In Re Dominic W.

Annotate this Case

48 Md. App. 236 (1981)

426 A.2d 432


No. 854, September Term, 1980.

Court of Special Appeals of Maryland.

Decided March 10, 1981.

The cause was argued before THOMPSON, LOWE and COUCH, JJ.

Nancy L. Cook, Assigned Public Defender, for appellant.

Alexander L. Cummings, Assistant Attorney General, with whom were Stephen H. Sachs, Attorney General, Andrew L. Sonner, State's Attorney for Montgomery County, and Eric E. Wright, Assistant State's Attorney for Montgomery County, on the brief, for appellee.

COUCH, J., delivered the opinion of the Court.

*237 On November 29, 1979, Montgomery County police took into custody the appellant, Dominic W., a juvenile, on a theft complaint lodged by the assistant principal of a public high school in the county. A petition was subsequently filed in the Maryland District Court alleging appellant to be a delinquent child. That court held an adjudicatory hearing and found the appellant to be a delinquent child. After a disposition hearing the appellant was placed on probation under the supervision of the Juvenile Services Administration.

On appeal, Dominic W. presents several questions, and requests that we reverse the judgment of the lower court. We must reverse that judgment because of our affirmative answer to appellant's first question,

"Was a watch taken from appellant during a search by the assistant principal seized without probable cause, in violation of § 7-307 of the Maryland Code's Education Article, and improperly admitted into evidence?"

What gave rise to the delinquency petition being filed against appellant may be briefly summarized with additional facts supplied as necessary in our discussion of the issue.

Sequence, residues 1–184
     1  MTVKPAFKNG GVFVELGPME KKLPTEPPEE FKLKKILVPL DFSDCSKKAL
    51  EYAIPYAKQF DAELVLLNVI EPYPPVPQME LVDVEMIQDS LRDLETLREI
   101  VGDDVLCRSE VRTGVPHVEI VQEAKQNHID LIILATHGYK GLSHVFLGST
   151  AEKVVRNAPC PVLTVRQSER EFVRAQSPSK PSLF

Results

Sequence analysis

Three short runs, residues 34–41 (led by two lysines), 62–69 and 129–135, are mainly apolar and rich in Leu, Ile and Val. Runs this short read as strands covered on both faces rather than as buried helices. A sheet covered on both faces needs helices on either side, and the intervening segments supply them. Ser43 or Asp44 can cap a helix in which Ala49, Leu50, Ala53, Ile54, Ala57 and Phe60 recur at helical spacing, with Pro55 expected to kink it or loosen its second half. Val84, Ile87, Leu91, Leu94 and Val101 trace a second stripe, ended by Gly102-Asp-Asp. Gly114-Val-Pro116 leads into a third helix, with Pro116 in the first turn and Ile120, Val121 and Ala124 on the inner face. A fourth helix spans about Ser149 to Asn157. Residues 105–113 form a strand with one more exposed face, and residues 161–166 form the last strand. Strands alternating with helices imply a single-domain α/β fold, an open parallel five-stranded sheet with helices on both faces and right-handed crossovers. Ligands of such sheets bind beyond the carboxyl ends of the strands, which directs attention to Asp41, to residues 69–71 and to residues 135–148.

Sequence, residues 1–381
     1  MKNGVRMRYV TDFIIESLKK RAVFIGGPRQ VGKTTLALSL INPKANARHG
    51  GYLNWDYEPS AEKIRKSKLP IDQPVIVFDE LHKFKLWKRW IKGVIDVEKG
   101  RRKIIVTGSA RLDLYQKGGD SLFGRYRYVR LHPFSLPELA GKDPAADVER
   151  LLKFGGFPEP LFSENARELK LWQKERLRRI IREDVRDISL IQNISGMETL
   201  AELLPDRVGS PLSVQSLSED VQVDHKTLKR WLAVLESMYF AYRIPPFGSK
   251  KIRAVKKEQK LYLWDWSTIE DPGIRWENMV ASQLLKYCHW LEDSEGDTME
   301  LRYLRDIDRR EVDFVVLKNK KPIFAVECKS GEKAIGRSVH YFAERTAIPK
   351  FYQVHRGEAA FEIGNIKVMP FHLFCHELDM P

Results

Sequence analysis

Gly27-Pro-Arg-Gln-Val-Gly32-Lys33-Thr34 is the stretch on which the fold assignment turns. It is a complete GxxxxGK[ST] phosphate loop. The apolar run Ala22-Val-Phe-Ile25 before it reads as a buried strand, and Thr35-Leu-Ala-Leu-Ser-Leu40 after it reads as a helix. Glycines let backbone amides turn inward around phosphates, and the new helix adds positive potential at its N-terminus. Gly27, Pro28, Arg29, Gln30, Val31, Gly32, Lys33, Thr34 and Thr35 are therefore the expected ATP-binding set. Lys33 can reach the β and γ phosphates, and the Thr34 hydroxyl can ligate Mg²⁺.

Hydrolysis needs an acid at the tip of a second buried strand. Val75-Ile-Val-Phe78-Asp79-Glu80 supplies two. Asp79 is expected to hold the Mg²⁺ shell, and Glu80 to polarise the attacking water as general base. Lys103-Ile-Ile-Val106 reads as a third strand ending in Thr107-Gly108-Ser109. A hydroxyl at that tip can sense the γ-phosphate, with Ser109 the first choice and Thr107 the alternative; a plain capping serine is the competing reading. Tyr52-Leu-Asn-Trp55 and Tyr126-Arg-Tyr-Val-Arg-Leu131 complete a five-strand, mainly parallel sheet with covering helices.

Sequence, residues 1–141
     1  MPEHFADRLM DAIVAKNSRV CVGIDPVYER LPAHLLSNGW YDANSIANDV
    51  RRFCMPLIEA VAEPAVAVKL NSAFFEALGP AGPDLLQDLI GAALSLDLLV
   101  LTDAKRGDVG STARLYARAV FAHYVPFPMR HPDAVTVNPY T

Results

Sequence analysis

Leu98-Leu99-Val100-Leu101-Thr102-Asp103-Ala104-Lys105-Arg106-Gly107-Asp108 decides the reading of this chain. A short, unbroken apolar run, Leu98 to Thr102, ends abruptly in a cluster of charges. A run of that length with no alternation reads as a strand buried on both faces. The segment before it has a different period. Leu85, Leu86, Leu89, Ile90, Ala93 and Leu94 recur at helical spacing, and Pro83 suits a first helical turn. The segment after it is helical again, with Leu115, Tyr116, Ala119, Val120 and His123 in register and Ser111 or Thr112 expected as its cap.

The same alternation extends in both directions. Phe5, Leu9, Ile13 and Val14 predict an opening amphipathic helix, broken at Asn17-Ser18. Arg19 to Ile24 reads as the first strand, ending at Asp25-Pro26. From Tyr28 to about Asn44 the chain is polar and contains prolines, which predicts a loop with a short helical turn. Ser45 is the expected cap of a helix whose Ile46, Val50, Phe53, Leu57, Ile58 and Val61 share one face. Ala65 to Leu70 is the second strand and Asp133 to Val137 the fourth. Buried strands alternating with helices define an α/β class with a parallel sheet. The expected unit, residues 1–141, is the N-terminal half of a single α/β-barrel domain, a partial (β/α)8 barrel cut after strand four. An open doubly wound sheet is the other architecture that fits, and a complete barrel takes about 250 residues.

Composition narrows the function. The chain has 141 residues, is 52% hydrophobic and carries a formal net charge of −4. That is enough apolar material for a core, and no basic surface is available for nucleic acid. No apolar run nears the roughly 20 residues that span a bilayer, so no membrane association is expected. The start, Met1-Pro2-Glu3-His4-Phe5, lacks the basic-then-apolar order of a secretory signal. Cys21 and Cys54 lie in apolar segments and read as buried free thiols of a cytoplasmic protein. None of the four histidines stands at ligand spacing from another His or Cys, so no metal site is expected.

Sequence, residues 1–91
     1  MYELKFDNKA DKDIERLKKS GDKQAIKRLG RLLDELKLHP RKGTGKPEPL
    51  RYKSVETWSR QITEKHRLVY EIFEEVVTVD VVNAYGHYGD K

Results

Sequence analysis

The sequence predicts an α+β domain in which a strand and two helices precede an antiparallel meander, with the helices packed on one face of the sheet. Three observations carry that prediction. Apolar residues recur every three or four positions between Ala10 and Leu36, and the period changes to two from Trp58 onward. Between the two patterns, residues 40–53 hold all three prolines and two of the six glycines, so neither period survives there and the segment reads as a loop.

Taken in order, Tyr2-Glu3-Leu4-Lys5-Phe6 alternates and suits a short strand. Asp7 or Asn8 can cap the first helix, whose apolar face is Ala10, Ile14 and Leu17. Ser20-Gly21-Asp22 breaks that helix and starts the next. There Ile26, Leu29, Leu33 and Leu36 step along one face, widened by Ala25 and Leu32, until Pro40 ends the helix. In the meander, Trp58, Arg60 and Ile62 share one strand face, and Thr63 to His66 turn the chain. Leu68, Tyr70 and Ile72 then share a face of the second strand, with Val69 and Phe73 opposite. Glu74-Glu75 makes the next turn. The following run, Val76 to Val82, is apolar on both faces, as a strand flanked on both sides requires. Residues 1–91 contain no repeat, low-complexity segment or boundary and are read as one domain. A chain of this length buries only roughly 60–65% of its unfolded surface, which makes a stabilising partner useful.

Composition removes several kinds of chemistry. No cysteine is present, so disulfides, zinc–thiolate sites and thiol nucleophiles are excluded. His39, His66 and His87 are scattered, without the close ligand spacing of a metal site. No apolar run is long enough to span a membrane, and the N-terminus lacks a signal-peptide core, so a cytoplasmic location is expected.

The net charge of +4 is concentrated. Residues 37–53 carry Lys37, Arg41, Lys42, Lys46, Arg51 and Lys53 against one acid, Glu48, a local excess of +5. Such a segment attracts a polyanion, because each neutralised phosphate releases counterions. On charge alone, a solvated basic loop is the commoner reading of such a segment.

Two male students at the high school involved prepared to attend an assigned gym class. They shared a locker in the gym's locker room to store their regular clothing; the locker was made secure by the use of a combination lock. On the day in question, after changing into their gym clothes, the students placed their regular clothing and personal possessions in the locker, locked the combination lock, and proceeded to the gym class. These students were two of some ninety students taking gym at that time. After completion of the gym class these two students returned to their locker and found the combination lock broken and unlocked. Upon opening the locker door they discovered that a watch belonging to one of them was missing, as well as two five-dollar bills. A report of this theft was made to the school's assistant principal. One of the students reported that he had seen three individuals walking by the row of *238 lockers and looking around. He gave their names to the assistant principal. The assistant principal testified he had been told by one of the student victims that appellant and two others were seen by the victims "hanging around the lockers" before gym class. After interviewing the other two boys named, who denied involvement, the assistant principal sought out the appellant, took him to an empty classroom, and told him he was suspected of being involved in a theft. The appellant was requested to empty his pockets, which he did, revealing ten one-dollar bills and a pack of cigarettes. The assistant principal then felt appellant's pockets and, upon reaching into one of them, found a watch. This watch was later identified as being the one that was missing from the locker. Appellant was turned over to the police, who took him to a police station. Appellant was given his "Miranda" rights, and gave police a statement incriminating another student. Although he admitted being at the locker when it was broken into, he said that the watch was given to him. The next day, this second student gave police a statement wherein he said that appellant forced open the locker and took the watch and money. During the adjudicatory hearing appellant made timely objections to the admission of his statements and the watch, which the court overruled.